Real progress is being made using existing manufacturing approaches, but performance still has a long way to go.
For years, there has been an intense race among various nations to develop the world’s fastest supercomputers. The U.S. and Japan led the field until 2010, when China stunned the market and rolled out the world’s fastest supercomputer. And today, China continues to lead the field with a supercomputer capable of running at speeds of 33.86 petaflops per second.
While the supercomputer race continues to unfold, there is also a battle brewing in another high-end systems segment—quantum computing. In fact, a number of entities in Asia, Europe and the United States are accelerating their efforts to develop quantum computers, which supposedly are faster than today’s supercomputers.
Still in the R&D stage, quantum computers are making rapid progress. For example, the U.S. National Security Agency (NSA) is working on a quantum computer. Recently, startup D-Wave shipped the world’s first quantum computer to a joint venture between Google, NASA and a research group. In addition, IBM, R&D organizations and universities also are developing the technology.
In classical computing, the information is stored in bits, which can be either a “0” or “1”. Meanwhile, in quantum computing, information is stored in quantum bits, or qubits, which can exist as a “0” or “1” or a combination of both. Unlike a classical computer, which processes information in rapid succession, a quantum computer checks many different possibilities in parallel. The superposition state enables a quantum computer to perform millions of calculations at once. And increasing the number of qubits increases this parallelism exponentially.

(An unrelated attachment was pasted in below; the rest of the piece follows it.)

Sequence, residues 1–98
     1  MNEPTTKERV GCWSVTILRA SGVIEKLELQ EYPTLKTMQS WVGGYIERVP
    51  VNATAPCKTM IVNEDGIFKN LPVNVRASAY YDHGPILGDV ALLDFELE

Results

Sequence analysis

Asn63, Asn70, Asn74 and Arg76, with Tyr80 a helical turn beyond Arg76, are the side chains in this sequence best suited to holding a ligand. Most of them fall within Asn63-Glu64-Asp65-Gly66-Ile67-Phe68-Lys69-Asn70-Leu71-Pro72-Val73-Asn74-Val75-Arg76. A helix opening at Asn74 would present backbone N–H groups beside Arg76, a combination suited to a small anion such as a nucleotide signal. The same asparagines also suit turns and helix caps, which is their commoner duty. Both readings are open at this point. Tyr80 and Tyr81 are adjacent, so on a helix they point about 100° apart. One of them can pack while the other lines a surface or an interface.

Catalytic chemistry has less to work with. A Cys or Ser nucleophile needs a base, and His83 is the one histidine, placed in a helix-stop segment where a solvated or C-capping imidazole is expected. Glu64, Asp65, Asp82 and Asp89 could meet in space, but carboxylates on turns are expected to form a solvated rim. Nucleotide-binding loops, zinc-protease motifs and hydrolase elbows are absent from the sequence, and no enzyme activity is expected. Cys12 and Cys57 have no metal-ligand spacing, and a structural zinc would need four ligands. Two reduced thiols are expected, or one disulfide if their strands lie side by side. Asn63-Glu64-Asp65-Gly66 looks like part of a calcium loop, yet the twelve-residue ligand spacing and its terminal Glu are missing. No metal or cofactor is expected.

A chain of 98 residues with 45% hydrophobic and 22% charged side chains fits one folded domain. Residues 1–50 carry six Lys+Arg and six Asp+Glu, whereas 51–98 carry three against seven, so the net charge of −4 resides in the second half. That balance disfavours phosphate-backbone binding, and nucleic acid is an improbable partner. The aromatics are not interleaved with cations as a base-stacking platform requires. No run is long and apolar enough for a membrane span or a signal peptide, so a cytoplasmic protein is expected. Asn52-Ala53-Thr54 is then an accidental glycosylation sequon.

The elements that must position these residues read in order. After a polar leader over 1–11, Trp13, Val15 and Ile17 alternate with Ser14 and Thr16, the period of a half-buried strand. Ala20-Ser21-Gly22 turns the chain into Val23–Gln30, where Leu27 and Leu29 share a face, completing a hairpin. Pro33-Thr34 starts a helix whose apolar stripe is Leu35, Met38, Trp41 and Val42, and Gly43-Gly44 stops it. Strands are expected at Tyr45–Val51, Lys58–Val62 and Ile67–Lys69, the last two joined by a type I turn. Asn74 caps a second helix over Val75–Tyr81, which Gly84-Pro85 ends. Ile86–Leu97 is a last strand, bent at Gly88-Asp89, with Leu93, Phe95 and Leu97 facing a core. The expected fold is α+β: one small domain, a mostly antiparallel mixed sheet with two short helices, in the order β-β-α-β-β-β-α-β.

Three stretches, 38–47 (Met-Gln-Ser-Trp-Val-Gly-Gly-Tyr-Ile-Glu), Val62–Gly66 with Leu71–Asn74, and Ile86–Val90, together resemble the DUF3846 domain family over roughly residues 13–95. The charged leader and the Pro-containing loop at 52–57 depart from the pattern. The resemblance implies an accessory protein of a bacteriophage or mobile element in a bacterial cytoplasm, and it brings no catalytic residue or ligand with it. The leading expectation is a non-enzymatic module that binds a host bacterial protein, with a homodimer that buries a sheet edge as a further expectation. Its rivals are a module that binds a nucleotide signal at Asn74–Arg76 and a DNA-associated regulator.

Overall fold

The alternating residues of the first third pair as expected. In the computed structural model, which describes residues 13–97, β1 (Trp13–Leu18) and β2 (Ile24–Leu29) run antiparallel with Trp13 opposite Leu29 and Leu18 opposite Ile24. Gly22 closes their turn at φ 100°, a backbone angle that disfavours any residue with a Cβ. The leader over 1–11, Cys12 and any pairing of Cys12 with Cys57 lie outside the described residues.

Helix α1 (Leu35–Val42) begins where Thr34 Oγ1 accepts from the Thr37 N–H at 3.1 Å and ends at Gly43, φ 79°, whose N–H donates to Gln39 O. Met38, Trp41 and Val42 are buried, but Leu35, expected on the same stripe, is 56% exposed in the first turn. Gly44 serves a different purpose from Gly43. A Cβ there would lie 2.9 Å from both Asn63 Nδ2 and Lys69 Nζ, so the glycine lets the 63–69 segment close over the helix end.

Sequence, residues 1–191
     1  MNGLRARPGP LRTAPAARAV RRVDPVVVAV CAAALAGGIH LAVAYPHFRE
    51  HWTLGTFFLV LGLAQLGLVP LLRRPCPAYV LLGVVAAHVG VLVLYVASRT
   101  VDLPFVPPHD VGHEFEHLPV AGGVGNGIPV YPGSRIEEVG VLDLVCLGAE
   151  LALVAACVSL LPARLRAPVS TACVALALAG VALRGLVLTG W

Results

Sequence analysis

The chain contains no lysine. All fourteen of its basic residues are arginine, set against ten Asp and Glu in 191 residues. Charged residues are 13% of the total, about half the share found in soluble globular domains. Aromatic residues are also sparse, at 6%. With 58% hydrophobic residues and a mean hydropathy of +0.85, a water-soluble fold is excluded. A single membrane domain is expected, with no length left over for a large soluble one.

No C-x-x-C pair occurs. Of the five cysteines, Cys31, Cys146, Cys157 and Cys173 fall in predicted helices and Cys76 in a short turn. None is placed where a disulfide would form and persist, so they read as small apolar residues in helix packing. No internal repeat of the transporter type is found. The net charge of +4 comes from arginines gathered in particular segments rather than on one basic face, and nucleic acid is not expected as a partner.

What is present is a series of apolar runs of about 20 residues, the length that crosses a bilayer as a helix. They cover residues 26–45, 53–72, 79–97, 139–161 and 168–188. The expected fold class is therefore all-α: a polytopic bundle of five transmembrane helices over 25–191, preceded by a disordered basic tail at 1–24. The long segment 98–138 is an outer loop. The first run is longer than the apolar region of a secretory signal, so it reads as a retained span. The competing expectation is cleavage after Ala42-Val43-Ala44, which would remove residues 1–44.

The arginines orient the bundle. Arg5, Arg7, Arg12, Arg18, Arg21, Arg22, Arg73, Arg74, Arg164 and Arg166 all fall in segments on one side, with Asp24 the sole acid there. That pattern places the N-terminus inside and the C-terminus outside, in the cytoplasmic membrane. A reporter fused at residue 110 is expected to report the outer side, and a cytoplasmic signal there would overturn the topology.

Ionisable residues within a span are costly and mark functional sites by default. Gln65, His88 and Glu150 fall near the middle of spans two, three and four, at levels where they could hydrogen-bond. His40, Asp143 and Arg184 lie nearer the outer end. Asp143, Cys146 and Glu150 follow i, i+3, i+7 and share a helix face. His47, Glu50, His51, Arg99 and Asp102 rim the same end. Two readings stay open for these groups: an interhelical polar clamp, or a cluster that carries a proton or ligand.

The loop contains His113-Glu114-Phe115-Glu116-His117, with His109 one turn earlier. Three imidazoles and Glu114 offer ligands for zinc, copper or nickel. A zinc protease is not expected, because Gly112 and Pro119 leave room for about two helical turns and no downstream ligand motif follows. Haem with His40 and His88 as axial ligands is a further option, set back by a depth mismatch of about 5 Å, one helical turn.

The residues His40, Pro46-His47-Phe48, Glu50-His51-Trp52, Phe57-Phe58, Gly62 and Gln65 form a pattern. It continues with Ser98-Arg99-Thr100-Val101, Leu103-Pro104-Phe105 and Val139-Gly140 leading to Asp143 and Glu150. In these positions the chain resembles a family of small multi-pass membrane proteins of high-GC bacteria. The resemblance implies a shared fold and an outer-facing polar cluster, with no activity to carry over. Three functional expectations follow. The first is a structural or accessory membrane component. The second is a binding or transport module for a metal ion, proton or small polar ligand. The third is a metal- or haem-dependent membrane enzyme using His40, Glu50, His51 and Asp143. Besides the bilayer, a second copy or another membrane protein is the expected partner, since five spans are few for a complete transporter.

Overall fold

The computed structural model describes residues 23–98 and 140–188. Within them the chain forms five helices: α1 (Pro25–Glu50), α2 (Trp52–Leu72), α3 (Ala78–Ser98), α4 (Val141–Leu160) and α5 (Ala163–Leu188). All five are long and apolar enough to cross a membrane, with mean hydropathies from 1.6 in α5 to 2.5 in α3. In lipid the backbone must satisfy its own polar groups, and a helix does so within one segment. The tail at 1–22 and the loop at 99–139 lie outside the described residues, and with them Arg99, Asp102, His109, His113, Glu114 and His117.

But like today’s computers, the components used in quantum computers are silicon-based devices. Quantum devices are not leading-edge chips, but they are fabricated using today’s fabs and tools.
And thanks to a number of recent breakthroughs on the device side, quantum computers are moving one step closer towards their ultimate goal—these number-crunching systems could crack the world’s most complex algorithms within a reasonable time. This includes Shor’s algorithm, an integer factorization problem that can be utilized to break the widely used public-key cryptography scheme known as RSA.
“Quantum computers can solve that inverse problem faster,” said Thomas Theis, executive director at the Nanoelectronics Research Initiative (NRI), a program at the Semiconductor Research Corp. (SRC). “The U.S. doesn’t want another country having that capability. That’s driving a lot of funding (in quantum computing).”
Still, the question is whether quantum computing is a viable technology or mere hype. Many of the recent claims made by D-Wave are being disputed by IBM and other experts. And the development of a full-scale, “universal” quantum computer is still years, if not decades, away.